On the other hand 30% of 100K is only 30000 dollars. The rich folks who say earn 1 mil a year pay 250,000 8.3 times more than my amount.

So which is fair, I contribute about 1/3 of my money, a rich person contributes about 1/6, but their contribution is 8 times higher then mine. Which is fair?....does it really even matter?
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#61 Sep 21 2011 at 4:53 PM Rating: Default
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catwho wrote:
I think Elizabeth Warren hit the nail on the head about this.

Elizabeth Warren wrote:
There is nobody in this country who got rich on his own. Nobody. You built a factory out there -- good for you. But I want to be clear. You moved your goods to market on the roads the rest of us paid for. You hired workers the rest of us paid to educate. You were safe in your factory because of police forces and fire forces that the rest of us paid for. You didn't have to worry that maurauding bands would come and seize everything at your factory... Now look. You built a factory and it turned into something terrific or a great idea -- God Bless! Keep a Big Hunk of it. But part of the underlying social contract is you take a hunk of that and pay forward for the next kid who comes along.


Quickly becoming my new favorite lady in politics.


Her opinion would have a lot more weight if the argument was really about spending on roads, and education, and police, and the military, and if it didn't miss the fact that "the rest of us" includes those rich people and that they paid most of the money for those things. Now if she could explain how paying for welfare and other social goodies helped that rich person succeed, she might have a point.


Can anyone explain to me how extending unemployment for a couple years helps someone start up their new factory? Anyone?
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#62 Sep 21 2011 at 4:57 PM Rating: Default
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rdmcandie wrote:
Many peoples measuring sticks can be different (hence it being a matter of perspective). The way I see it is why do I get 30% income tax on my piddly income, when a rich fat cat pays 15 on the majority of money he/she makes. To me that is bullsh*t.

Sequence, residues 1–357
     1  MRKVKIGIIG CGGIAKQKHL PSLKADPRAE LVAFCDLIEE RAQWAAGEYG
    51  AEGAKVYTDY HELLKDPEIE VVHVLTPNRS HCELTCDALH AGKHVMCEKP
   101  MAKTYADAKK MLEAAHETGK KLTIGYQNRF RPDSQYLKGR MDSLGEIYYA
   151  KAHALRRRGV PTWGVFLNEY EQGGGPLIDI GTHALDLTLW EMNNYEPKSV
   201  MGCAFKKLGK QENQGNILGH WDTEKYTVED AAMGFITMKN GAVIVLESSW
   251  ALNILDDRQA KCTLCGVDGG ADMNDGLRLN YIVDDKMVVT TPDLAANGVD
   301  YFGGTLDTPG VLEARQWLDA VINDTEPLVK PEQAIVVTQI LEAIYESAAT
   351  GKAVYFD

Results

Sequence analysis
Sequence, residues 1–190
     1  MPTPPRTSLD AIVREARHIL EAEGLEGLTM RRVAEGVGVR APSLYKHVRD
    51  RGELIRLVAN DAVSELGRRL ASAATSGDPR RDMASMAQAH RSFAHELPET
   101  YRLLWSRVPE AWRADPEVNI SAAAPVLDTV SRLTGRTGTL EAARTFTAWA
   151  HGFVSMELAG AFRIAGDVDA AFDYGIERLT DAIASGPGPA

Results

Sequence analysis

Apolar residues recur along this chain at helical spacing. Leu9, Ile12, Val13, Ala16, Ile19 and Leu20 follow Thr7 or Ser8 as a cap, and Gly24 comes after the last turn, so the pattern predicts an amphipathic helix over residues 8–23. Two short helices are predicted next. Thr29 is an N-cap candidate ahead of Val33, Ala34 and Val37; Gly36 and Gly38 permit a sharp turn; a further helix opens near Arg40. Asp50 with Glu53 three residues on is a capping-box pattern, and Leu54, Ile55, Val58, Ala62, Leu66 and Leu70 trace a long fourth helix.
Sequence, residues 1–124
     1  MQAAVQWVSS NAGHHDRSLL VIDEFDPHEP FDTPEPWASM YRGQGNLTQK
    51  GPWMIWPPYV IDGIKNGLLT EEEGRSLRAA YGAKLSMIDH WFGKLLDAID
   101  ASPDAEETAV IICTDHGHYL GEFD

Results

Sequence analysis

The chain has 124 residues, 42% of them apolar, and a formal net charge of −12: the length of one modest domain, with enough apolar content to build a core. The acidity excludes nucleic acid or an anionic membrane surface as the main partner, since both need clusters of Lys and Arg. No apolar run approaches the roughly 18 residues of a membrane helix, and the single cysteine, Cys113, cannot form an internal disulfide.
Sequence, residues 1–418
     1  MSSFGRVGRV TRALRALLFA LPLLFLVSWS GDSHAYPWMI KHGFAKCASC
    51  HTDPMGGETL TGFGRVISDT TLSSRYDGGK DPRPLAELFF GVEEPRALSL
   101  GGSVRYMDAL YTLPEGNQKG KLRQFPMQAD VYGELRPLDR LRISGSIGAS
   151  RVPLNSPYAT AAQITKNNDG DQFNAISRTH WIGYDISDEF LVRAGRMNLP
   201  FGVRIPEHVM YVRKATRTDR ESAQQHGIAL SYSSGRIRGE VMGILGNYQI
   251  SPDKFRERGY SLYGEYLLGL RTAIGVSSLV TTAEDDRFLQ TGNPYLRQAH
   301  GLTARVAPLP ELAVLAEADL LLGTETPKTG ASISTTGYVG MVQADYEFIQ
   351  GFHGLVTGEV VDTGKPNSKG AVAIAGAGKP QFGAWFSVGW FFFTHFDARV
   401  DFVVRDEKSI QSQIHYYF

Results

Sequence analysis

If this were true, you'd have a point. But it's not, so you don't.

See how easy that is?

Quote:
On the other hand 30% of 100K is only 30000 dollars. The rich folks who say earn 1 mil a year pay 250,000 8.3 times more than my amount.

So which is fair, I contribute about 1/3 of my money, a rich person contributes about 1/6, but their contribution is 8 times higher then mine. Which is fair?....does it really even matter?


Except those numbers aren't correct. Did you bother to read the link in the OP?

Quote:
This year, households making more than $1 million will pay an average of 29.1 percent of their income in federal taxes, including income taxes, payroll taxes and other taxes, according to the Tax Policy Center, a Washington think tank.

Households making between $50,000 and $75,000 will pay an average of 15 percent of their income in federal taxes.

Lower-income households will pay less. For example, households making between $40,000 and $50,000 will pay an average of 12.5 percent of their income in federal taxes. Households making between $20,000 and $30,000 will pay 5.7 percent.




Your argument (and Obama's incidentally) is based on an assumption that made up numbers are real and real numbers can just be ignored. For a position that is supposedly based on "math" and not "class warfare", it's pretty darn non-mathematical.
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#63 Sep 21 2011 at 5:09 PM Rating: Excellent
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The difference seems to me to be whether or not you look at averages, or try to close the loopholes people are taking advantage of.